Driving Southeastern Arizona’s Monsoon

The monsoon summer of our part of the world has begun winding down, perhaps a little slower than usual. Here in Canelo, our rains began increasing in intensity throughout the month of July and are continuing up to this moment. However, this last series of rains may the swan song for this year’s monsoon that in a typical year ends with the month of August.

Speaking of August, the month simply evaporated for us, most of it in New Mexico. We made three trips to New Mexico, the first of which centered around Santa Clara feast day where Athena’s mother’s family is from. I wrote about it in an earlier post in this blog so if you want to get the general idea of what feast day is all about, scroll back a bit and you’ll find it. Last year’s version will work just as well for this year, of course the details are different, but since photos aren’t allowed, it is difficult to tell a good story.
Another trip centered on grandchildren exchange and the last trip was an extended camping adventure for the purpose of photographing the earth floor of the Laguna Pueblo Mission that dates from the late 1600s. Of course, once you are in that part of northern New Mexico, there are many things to tempt and it becomes easy to stay much longer than intended. We were able to take in Acoma Pueblo’s feast day, visit El Morro National Monument and travel to Zuni Pueblo as well. I’ll do a post on that trip apart from this one.
In the making of those trips we covered a lot of “blue highways,” back country two-lane roads, the only time we got onto the Interstate was on our way from Flagstaff to Santa Fe, but much of that we detoured our way through the Petrified Forest, the Painted Desert and portions of old Route 66 so it had a good feel as well.
The only reason I’m telling you all this is to paint the backdrop for this blog. During these trips, the landscape we witnessed while driving was every bit as good as the places we visited. As I wrote earlier in the summer, the monsoon season in this part of the world can be oh so dramatic and beautiful. This year did not disappoint. Granted, it is not a monsoon in the spirit of southeast Asia and India, but it’s more than good enough.
This year, in taking photos of the landscape, I decided to include in them the roads we traveled. When reviewing the entire collection, I thought it a fun idea to share them with you partially because I wouldn’t have to do a lot of writing. I think they give a pretty good idea of what a southeastern Arizona monsoon day might look like, only thing missing would be the lightning, thunder and the deafening downpour of the raindrops hitting the car.
A typical monsoon day often begins with a cloudless blue sky or a whisper of cloud in the distance. This is a very typical Sky Island landscape, Mount Graham of Arizona’s Greenlee county in the distance.
When clouds appear and scatter, that often means a day with no rain. Horses and cows frequent many of these roads, we even ran into group of Bighorn Sheep while driving through the middle of the large copper mine in Morenci, Arizona.
But when cumulus clouds form, towering as much as 40,000 ft, rain is usually definite. Time of this photo, 10 am.
Days like this are a maybe, could rain and then again, might not. The scattered clouds may come together and then again, not.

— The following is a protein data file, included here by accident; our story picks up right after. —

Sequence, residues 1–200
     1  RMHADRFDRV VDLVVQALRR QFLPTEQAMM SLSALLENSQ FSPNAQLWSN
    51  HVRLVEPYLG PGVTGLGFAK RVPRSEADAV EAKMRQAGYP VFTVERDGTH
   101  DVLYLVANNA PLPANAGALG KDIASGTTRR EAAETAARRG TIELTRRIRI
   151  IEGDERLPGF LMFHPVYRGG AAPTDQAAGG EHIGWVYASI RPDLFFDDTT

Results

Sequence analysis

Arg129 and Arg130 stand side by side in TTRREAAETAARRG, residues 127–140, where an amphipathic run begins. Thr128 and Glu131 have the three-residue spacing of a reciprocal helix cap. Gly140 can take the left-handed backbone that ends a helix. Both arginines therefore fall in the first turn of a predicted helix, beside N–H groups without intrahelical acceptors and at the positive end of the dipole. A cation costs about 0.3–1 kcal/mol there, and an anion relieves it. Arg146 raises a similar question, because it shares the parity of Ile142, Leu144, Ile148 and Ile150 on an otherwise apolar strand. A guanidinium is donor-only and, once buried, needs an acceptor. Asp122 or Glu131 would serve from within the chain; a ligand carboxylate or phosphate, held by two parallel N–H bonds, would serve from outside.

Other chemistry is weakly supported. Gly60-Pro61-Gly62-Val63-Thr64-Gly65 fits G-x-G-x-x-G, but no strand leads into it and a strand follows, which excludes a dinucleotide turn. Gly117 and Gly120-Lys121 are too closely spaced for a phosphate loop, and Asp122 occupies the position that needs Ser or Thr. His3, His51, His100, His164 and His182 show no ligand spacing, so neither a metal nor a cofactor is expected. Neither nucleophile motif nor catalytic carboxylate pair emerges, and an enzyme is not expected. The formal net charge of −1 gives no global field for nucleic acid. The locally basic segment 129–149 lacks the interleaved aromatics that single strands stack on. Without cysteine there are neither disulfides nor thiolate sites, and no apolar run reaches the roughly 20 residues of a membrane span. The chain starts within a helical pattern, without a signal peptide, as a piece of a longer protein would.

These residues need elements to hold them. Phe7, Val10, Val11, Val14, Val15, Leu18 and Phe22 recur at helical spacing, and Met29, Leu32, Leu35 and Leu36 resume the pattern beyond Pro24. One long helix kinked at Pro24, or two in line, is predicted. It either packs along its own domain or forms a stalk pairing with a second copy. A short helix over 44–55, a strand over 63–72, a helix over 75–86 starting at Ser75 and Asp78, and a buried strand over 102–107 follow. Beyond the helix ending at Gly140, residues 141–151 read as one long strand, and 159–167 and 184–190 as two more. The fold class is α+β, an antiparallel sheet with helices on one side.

The cumulus cloud forming in the background is happening about 11 am. When these begin to form in multiple directions, thunderstorms are not far off.
Prior to rain falling, the clouds begin to spread.
As they sweep across the landscape, pockets of rain are often seen in the distance.
This photo taken from a top the Chiricahua mountains of the Sulphur Springs Valley marked the beginning of an afternoon series of heavy rains that lasted through the night over a widespread area.
As the day develops, what were once separate clouds and storms begin to come together for heavier downpours.
Sooner or later, one finds oneself caught in the middle of a heavy thunderstorm, the kind that renders windshield wipers obsolete, the only remedy being to pull over and wait the storm out.
If the rain has been heavy, the landscape often softens with mist and fog as seen here in the San Bernardino Valley.
Looking ahead through the same valley after having passed through the rain.
Leaving the rain behind us.
The skies typically clear after the thunderstorms have finished, but once in a while, as evening begins to set, cumulus clouds form again for another cycle of rain through the night.
I’ve got a number of great stories to add from the summer months, I’ll try to add them in the weeks ahead.
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  1. Great photos, as usual, Bill. As a newcomer to Arizona I'm really enjoying the monsoon storms. As a displaced Californian (never to return to live there) the monsoons are new to me, though where I live in Marana, we don't get near as much rain as you. Very much enjoying the Chronicles – Thanks and best to all the family~

  2. Hi Bill and Athena, Wonderful pictures of the monsoon rains last year as I daydream of them returning this year to give relief to Arizona heat and fires. We have recently moved back to Sierra Vista after living in Georgia for the past 5 years. Keep up the good work!!! Steve and Michele Anderson

  3. Hola Bill, fantásticas esas fotos. Soy un aficionado en admirar nubes de tormentas y creo que las de uds son de las mejores. Esos cielos azules mezclados con cumulunimbus son de un contraste maravilloso. Felicidades.

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